In zerovalent iron treatment systems, the presence of multiple solution components may impose combined effects that differ from corresponding individual effects. The copresence of humic acid and hardness (Ca2+/Mg 2+) was found to influence Cr(VI) reduction by Fe0 and iron dissolution in a way different from their respective presence in batch kinetics experiments with synthetic groundwater at initial pH 6 and 9.5. Cr(VI) reduction rate constants (kobs) were slightly inhibited by humic acid adsorption on iron filings (decreases of 7-9% and 10-12% in the presence of humic acid alone and together with hardness, respectively). The total amount of dissolved Fe steadily increased to 25 mg L-1 in the presence of humic acid alone because the formation of soluble Fe-humate complexes appeared to suppress iron precipitation. Substantial amounts of soluble and colloidal Fe-humate complexes in groundwater may arouse aesthetic and safety concerns in groundwater use. In contrast, the coexistence of humic acid and Ca 2+/Mg2+ significantly promoted aggregation of humic acid and metal hydrolyzed species, as indicated by XPS and TEM analyses, which remained nondissolved (>0.45 μm) in solution. These metal-humate aggregates may impose long-term impacts on PRBs in subsurface settings.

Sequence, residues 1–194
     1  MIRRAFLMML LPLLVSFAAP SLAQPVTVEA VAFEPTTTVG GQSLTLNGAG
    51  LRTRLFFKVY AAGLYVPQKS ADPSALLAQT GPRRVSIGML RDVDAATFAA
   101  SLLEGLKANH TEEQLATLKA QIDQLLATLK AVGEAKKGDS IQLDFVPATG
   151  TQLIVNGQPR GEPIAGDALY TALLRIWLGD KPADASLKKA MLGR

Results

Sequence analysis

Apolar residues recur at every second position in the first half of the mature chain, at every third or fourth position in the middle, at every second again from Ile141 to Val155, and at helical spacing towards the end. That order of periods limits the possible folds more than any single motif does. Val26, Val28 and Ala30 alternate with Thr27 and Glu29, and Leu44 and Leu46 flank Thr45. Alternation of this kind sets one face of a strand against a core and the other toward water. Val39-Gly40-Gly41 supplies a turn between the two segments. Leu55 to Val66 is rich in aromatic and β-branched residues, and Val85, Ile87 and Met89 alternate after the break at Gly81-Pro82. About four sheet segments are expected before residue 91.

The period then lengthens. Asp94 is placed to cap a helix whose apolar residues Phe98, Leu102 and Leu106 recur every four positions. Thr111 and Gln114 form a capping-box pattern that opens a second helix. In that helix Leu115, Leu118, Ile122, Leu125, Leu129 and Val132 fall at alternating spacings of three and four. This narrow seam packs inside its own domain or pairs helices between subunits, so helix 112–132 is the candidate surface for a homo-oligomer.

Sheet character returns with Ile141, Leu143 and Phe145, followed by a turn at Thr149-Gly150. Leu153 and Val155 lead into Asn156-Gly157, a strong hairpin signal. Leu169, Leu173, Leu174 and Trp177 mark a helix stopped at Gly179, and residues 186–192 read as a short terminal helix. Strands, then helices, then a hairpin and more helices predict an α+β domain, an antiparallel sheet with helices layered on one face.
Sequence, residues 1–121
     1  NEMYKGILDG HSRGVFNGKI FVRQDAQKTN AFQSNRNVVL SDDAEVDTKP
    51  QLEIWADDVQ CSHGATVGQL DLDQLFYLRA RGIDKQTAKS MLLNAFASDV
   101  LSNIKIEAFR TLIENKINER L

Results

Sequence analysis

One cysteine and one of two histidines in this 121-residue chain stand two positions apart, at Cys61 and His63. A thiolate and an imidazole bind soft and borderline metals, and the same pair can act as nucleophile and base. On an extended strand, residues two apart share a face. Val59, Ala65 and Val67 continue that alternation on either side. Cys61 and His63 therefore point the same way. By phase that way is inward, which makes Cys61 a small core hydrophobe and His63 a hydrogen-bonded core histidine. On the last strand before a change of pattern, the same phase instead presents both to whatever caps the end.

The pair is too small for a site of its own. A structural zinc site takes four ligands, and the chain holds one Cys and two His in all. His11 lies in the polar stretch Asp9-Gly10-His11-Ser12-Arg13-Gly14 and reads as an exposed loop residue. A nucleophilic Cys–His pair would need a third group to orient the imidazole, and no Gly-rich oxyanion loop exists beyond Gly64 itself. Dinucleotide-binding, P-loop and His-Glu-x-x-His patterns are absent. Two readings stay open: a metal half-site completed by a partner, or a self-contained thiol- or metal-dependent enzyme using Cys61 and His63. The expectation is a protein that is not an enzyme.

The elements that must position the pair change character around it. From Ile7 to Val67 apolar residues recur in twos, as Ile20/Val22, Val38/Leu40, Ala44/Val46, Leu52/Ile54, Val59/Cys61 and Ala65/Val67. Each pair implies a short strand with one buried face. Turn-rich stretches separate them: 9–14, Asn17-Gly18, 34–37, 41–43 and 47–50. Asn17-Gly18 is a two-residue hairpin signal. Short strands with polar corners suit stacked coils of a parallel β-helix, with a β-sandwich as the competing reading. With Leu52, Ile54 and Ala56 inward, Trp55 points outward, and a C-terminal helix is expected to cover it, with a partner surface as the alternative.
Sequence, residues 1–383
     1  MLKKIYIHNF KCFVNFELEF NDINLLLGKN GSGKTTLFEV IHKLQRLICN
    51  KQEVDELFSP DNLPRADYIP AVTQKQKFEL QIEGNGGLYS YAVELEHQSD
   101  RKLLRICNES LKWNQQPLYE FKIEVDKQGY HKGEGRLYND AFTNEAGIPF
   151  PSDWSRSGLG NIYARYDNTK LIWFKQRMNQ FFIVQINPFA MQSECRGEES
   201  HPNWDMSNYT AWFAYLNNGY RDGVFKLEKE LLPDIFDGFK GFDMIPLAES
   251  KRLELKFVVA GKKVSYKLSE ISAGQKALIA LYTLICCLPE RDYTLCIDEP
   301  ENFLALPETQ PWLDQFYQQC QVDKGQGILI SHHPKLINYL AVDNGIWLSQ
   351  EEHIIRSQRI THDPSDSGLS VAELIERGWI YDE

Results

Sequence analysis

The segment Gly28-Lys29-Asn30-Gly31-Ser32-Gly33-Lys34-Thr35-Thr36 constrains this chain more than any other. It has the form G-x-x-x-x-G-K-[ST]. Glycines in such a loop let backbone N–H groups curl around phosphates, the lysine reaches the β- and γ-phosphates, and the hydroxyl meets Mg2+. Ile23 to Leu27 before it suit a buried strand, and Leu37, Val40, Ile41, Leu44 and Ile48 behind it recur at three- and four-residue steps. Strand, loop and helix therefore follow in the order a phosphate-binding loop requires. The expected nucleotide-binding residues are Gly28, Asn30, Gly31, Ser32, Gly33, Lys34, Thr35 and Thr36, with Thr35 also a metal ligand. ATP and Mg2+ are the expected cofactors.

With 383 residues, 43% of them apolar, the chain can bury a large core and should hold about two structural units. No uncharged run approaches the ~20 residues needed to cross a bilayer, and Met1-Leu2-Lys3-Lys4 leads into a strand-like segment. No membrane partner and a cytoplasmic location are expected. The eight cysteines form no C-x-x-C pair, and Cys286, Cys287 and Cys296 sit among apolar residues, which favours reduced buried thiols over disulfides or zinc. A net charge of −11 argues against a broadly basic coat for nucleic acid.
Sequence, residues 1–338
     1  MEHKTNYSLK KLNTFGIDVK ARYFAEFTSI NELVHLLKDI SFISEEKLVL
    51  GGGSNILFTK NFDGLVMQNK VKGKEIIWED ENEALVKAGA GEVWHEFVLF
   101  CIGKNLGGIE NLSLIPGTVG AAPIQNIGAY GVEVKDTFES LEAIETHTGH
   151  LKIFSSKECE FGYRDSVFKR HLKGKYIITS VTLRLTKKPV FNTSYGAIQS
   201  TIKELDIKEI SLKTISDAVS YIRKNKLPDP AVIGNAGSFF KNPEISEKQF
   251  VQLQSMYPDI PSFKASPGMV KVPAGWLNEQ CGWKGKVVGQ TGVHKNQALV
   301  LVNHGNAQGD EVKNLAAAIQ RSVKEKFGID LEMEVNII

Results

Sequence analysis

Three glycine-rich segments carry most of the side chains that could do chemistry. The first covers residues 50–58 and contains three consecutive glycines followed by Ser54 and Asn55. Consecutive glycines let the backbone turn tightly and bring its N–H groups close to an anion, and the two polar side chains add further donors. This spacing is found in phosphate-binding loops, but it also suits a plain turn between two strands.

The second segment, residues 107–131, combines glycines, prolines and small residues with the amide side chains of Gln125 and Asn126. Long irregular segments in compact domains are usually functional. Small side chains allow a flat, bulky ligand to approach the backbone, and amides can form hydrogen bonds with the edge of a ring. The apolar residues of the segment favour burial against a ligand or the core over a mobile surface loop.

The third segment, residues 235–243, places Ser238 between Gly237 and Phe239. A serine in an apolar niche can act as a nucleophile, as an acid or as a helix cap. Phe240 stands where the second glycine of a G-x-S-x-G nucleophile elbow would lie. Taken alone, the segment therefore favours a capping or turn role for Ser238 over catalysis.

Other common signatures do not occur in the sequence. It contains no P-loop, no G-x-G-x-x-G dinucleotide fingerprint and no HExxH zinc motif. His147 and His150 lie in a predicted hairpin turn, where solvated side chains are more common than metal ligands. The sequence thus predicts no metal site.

|Number of pages||7|
|Journal||Environmental Science and Technology|
|Publication status||Published - 15 Mar 2008|
ASJC Scopus subject areas
- Environmental Engineering
- Environmental Science(all)
- Environmental Chemistry